FINANCE ministers in Pakistan are familiar faces, as familiar as SRK was to those who were young in the 1990s, and Bachchan to those who grew up in the 1970s.
However, the reason that the men and the occasional woman who lord it over Q Block are well-known is not because they are Bollywood hero material but because, like Dev Anand, they have just been around forever.
Consider our current finance minister, Shamshad Akhtar. She first joined government service back in the Musharraf years, when she became part of the State Bank, by which time she had already spent years working. She has also served as caretaker finance minister earlier.
Hafeez Shaikh was no different. He, too, joined the Musharraf regime to serve in more than one position before returning later once the general/ chief executive/ president had ceded to democracy and the government led by the PPP. Having returned to Q Block during the time of the PTI government, he remained there until he was unceremoniously removed.
However, each time there have been rumours of a caretaker or technocratic set-up being put together, he has topped the list, if gossip is to be believed. As a point of reference, Musharraf took over 24 years ago and was removed from government 15 years ago.
Ishaq Dar first headed this ministry during Nawaz Sharif’s second term, but according to some news reports, he had served as head of the Board of Investment during the first term of the Noonie quaid. And while opinions can vary about how successful he was in his various stints, no one would disagree he is PML-N’s only choice for finance minister a quarter century later. Shaukat Tarin, too, has been part of this power circle for long.
It seems that political and technocratic choices for the finance ministry are limited to a few people.
Indeed, other than a few short stints in recent times, it appears that political and technocratic choices for running the finance ministry have been limited to a handful of people who have made appearances in one position or another since the 1990s.
This also appears true for those who get appointed as advisers or special assistants: consider Waqar Masood, who is said to be the longest-serving finance secretary in Pakistan. And even that hasn’t convinced him of the need for change. He has also ‘advised’ the finance ministry more than once and continues to do so during the caretaker set-up.
This is not to say it is only the finance ministry which instils such single-minded devotion in those who work there. Less high-profile ministries or government departments also have similar aficionados. Atta-ur-Rahman’s sustained interest in the Higher Education Commission is well known, while the retired general who heads the Pakistan Olympic Association has already become a bit of a myth in Islamabad. Even ‘institutions’ are now acquiring habits of extended tenures.
But for obvious reasons, all these other examples are less known or generate less interest than those in the finance sector, who have become household names due to the fragility of the economy.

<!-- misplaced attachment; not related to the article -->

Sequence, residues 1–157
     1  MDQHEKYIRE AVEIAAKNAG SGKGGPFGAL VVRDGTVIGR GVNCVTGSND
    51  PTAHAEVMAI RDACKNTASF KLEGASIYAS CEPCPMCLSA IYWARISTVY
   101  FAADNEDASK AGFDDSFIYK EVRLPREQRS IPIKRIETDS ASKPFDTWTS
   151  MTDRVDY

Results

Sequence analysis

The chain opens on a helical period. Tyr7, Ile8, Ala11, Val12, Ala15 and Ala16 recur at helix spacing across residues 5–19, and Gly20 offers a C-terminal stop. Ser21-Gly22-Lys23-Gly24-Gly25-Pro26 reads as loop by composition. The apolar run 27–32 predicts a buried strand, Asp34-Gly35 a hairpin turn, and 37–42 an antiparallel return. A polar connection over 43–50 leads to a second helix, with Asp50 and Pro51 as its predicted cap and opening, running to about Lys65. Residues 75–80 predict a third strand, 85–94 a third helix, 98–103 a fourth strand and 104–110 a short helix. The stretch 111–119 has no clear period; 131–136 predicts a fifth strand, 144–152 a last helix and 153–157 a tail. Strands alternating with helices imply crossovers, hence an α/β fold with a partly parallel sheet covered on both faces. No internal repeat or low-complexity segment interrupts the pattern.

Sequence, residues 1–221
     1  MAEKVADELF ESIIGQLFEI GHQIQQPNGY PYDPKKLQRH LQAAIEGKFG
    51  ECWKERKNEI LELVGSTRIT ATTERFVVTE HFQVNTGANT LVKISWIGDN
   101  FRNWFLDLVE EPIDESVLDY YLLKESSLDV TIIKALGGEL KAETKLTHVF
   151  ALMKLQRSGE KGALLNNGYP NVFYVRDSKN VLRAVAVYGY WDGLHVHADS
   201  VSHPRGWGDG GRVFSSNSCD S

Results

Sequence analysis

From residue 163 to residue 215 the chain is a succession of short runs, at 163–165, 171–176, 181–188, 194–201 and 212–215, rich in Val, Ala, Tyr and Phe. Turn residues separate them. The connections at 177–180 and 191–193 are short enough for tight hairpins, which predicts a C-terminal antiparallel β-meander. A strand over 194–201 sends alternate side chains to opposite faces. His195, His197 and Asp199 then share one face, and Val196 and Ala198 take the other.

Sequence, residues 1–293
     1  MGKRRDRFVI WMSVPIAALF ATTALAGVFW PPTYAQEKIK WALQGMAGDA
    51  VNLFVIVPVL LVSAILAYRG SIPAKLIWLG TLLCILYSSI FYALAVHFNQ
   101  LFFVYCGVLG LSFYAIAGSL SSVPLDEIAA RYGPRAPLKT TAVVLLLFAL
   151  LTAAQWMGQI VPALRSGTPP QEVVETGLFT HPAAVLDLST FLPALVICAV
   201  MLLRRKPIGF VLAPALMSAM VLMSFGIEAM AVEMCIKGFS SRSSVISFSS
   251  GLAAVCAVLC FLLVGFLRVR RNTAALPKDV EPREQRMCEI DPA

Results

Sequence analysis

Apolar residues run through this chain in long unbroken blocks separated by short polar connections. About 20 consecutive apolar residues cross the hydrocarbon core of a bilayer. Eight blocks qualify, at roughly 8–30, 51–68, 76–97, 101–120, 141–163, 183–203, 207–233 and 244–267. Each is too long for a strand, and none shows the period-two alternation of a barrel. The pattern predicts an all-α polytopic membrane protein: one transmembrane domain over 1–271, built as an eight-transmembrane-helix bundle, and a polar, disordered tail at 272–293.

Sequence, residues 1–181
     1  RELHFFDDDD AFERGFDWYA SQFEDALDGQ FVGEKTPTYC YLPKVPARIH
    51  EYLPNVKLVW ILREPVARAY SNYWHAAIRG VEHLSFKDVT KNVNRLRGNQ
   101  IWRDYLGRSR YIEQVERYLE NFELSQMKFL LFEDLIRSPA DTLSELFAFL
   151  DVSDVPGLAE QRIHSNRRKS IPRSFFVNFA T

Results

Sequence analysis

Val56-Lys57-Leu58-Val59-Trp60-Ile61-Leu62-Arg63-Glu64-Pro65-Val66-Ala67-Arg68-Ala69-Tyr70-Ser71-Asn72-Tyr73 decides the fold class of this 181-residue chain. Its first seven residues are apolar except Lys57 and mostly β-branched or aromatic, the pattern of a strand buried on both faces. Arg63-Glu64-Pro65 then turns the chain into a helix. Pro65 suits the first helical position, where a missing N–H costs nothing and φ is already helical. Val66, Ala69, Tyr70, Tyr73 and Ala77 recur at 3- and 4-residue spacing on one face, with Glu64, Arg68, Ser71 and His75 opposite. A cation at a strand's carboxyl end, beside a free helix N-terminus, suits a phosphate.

There are, however, larger and multiple issues with this trend of men hanging on to their positions.
As with an ageing political leadership, which at times appears disconnected with the average voter of Pakistan, who is much younger, it is not just a question of senior people clinging to positions instead of allowing younger ones to rise. I also wonder how possible it is for those who perhaps feel they ran the economy well during the 1990s to make the shift to current times, when the world has changed considerably.
It’s a thought that continues to recur as, soon after Ishaq Dar and his efforts to control the dollar, there is yet another administrative effort to control the market through a crackdown on money changers. It appears as if some of those in charge on the civilian side also believe in these ideas of administrative measures to fix the economy rather than addressing the fundamentals. Is it just a matter of age? Sometimes, it does appear so to people such as myself, who are watching the show from the sidelines.
Nonetheless, I would hasten to add, the issue is far more complex than just a question of age. For it is important to ask if the presence of the same faces for so long is a reason for the continuation of the bad old policies, or whether their presence is due to a desire to ensure that policies are not changed. After all, the never-changing elite capture that we are obsessed with is, perhaps, not just about status quo.
Perhaps it also means that only those who offer comfortable solutions — solutions which do not threaten any entrenched interest — are allowed to hold critical positions. For they have come to terms with the ‘ground realities’.
Consider a recent story in a local daily, which reported the suggestions of the commerce ministry to offer a lower electricity tariff, no sales tax scheme and other benefits to enhance exports. According to the story, the “proposals are aimed at continuing the status quo where a handful of industrialists have benefited from state resources for the past three decades without providing any real benefit to the country”.
And who can forget, as the story says, that the commerce ministry is being led by someone who has been closely associated with Aptma, synonymous with ‘exports’ in Pakistan?
Indeed, since I joined this profession, Pakistan’s exports and Aptma are like the Shahrukh-Kajol hit pair; no other industry has been able to break this pairing, which in itself is part of the same story of Pakistan’s economy stuck in the past.
Perhaps, what I am trying to say in my muddled way is that I may not be sure of the cause and effect here, but it seems as if the familiar faces in themselves are an indication that little will change, and the reform being promised may not be all that different from the past. Sometimes, a change of face matters.
The writer is a journalist.
Published in Dawn, September 26th, 2023